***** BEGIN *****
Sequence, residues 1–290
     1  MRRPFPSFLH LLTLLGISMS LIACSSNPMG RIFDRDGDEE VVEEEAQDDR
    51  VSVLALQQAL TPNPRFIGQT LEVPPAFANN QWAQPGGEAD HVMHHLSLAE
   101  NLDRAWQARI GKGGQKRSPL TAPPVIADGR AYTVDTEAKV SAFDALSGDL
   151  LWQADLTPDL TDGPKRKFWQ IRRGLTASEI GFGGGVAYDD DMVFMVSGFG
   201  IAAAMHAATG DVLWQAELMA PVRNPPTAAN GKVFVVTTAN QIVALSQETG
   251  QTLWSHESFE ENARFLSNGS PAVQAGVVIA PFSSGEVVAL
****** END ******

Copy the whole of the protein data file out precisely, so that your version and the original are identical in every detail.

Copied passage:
Sequence, residues 1–290
     1  MRRPFPSFLH LLTLLGISMS LIACSSNPMG RIFDRDGDEE VVEEEAQDDR
    51  VSVLALQQAL TPNPRFIGQT LEVPPAFANN QWAQPGGEAD HVMHHLSLAE
   101  NLDRAWQARI GKGGQKRSPL TAPPVIADGR AYTVDTEAKV SAFDALSGDL
   151  LWQADLTPDL TDGPKRKFWQ IRRGLTASEI GFGGGVAYDD DMVFMVSGFG
   201  IAAAMHAATG DVLWQAELMA PVRNPPTAAN GKVFVVTTAN QIVALSQETG
   251  QTLWSHESFE ENARFLSNGS PAVQAGVVIA PFSSGEVVAL